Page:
I recently mediated a case in which, after some lengthy and loud discussion between the parties, I proposed a settlement amount. I caucused with each of them separately about the settlement amount, and told them the case would not settle unless they both agreed.
They ultimately agreed to the amount, but neither of them was happy about it. Since resolving this case, I’ve been mulling over whether I was too directive.
The case was between a formerly co-habiting couple, and one owed the other money. We’ll say the man (M) owed the woman money. They agreed that M owed some money, but, of course, they disagreed on how much. Hence, the lawsuit.
By the time of mediation, both M and W had moved on to other relationships. It was both in their interests to conclude this old relationship and concentrate on their future lives with new partners. They recognized the importance of letting the past go, but they each wanted the monetary issues resolved on their terms. In fact, they were so hung up on “winning,” that they were not focused on their interests, but on hurting their former partner.
They were both clearly in the “Competing” portion of the Thomas Kilmann Conflict Mode Inventory, and I joined them there. Maybe I should have taken a different approach to conflict resolution.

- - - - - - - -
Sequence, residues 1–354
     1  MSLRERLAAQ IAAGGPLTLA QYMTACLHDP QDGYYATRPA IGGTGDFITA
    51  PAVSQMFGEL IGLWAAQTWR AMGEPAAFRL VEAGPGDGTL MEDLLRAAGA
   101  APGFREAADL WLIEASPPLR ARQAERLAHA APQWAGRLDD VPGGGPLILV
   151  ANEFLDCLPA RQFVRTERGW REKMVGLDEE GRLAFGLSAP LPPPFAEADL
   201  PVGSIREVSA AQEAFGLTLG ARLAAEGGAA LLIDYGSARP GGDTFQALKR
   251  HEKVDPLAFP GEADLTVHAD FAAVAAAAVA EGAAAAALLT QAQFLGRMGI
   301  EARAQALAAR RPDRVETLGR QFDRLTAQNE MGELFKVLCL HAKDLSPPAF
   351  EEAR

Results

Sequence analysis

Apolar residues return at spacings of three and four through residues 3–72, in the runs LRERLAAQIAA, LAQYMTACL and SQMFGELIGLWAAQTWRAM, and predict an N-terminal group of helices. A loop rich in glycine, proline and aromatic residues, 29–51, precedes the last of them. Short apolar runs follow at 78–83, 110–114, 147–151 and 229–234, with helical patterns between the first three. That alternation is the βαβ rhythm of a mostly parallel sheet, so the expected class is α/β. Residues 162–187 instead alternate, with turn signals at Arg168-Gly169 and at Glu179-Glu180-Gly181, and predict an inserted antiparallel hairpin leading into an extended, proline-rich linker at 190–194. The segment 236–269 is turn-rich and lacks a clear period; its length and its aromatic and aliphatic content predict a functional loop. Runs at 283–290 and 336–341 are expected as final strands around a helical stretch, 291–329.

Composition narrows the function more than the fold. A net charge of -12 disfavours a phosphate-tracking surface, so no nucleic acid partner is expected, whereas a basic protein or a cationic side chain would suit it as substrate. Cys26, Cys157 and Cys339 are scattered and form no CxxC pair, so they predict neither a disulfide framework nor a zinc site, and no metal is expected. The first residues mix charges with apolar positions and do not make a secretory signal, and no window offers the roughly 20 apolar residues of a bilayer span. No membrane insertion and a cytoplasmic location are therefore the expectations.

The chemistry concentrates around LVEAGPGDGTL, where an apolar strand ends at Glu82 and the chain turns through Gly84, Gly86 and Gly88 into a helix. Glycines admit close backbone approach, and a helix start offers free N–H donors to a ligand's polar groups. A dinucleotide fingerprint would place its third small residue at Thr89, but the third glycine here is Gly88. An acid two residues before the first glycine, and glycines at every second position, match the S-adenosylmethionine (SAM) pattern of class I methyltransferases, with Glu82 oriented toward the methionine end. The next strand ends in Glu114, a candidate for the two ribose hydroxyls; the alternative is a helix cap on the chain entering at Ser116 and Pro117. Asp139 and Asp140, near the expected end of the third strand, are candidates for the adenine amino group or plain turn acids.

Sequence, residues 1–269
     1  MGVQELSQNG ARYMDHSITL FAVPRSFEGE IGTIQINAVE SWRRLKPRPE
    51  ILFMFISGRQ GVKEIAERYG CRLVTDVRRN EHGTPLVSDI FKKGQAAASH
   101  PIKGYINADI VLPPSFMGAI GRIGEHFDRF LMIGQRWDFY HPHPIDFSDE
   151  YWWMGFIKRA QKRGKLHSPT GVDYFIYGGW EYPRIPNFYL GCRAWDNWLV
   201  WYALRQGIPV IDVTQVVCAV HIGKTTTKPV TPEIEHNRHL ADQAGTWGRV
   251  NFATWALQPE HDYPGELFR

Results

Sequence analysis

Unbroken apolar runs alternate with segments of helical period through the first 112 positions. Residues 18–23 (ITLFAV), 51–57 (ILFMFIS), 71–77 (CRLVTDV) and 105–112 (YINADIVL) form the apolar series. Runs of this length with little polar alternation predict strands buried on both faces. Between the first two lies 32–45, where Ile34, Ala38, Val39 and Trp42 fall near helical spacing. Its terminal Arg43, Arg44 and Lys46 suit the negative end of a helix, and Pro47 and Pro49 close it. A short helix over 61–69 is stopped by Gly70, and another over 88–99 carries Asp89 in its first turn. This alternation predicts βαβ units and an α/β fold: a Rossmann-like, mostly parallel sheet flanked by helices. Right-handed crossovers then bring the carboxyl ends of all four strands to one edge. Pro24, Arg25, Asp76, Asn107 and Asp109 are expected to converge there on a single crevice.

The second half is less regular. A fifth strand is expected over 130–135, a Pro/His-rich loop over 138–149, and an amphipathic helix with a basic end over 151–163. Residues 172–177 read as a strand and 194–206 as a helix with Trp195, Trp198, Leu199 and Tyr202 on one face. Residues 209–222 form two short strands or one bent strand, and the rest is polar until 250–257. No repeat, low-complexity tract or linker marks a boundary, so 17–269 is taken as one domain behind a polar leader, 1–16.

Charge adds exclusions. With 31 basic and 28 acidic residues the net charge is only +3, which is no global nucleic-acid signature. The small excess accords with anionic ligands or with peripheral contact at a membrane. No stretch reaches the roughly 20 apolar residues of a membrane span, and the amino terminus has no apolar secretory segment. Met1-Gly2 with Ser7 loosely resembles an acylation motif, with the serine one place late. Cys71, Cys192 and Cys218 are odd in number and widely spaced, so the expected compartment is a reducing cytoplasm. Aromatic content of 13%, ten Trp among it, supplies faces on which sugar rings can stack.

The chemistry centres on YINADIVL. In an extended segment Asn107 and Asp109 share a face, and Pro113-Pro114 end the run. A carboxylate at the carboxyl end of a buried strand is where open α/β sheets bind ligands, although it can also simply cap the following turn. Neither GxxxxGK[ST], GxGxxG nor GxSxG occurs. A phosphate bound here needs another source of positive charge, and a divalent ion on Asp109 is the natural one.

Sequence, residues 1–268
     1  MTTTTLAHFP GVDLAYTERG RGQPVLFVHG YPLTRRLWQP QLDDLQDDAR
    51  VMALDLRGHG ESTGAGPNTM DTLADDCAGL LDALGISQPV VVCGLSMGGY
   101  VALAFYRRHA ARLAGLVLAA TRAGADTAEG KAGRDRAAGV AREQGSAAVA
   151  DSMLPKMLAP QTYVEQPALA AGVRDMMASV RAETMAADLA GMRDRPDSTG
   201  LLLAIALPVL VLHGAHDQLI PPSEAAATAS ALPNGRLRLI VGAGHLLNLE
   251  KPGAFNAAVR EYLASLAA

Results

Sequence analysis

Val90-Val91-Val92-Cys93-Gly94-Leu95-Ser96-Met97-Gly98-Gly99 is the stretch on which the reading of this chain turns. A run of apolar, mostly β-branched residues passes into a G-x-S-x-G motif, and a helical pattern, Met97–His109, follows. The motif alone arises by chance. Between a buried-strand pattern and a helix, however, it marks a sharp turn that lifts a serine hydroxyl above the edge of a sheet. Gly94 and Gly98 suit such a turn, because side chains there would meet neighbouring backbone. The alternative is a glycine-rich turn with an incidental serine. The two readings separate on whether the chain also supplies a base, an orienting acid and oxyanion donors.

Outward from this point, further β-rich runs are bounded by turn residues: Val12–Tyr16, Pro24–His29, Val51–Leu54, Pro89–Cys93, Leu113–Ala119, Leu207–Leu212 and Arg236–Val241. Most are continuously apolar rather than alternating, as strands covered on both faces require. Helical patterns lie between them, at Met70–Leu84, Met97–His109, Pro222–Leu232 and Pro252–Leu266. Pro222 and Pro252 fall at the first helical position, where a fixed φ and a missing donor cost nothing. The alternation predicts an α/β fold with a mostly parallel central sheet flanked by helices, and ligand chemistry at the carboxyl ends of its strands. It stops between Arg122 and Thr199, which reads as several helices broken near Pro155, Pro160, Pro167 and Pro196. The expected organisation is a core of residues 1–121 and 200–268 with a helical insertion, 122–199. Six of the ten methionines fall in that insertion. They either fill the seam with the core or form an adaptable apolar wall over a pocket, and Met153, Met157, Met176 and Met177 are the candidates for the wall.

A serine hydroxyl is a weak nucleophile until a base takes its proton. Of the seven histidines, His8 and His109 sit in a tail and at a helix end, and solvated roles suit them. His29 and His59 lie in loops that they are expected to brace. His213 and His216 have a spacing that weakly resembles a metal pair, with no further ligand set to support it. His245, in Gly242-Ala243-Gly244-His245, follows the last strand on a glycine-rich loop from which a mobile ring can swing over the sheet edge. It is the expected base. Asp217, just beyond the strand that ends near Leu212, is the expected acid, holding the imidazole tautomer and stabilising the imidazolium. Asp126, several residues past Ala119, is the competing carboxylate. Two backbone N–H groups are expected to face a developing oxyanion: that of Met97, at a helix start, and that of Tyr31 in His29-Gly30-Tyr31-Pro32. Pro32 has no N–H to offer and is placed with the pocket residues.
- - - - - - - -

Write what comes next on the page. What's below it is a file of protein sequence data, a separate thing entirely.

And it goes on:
But I believed the case should settle. The parties were not willing to compromise, so I proposed a number in the middle of what they each claimed M should pay W. If my number did not work, I was going to declare the mediation at an impasse.
I had told them before we got started that they were both free to say “no” to anything the other party or I proposed. I told them again when I proposed my number that they were free to say refuse. I told them there wouldn’t be a settlement unless they both agreed.
I admit to pushing them to seriously consider my proposal. But I told them again they were free to refuse it. We sat in an uncomfortable silence, then they did agree.
I wrote up the agreement, and they signed.
Did I push too hard? This is an issue that mediators face in every case. How directive should they be? Should they propose a number like I did, or sit back and do little more than making sure the parties do not physically or verbally abuse each other? Or something in between? It’s a judgment call in every case, though each mediator has his or her own style.
Only time will tell in my case. It will depend on whether M fulfills his obligation to pay W the amount they agreed to on the schedule they agreed to. A settlement agreement is only as good as its execution.
But in the meantime, I will be thinking about how I can resolve cases while making sure the parties feel ownership for the result. Next time, I might not be so directive.
Negotiations and mediations don’t have to be formal, like the case I described. We get involved in resolving disputes every day, between family members, colleagues, and friends. In every situation, we have to decide how to approach the parties, how to persuade them to be reasonable (if you can).
When have you been in a negotiation and maybe pushed too hard?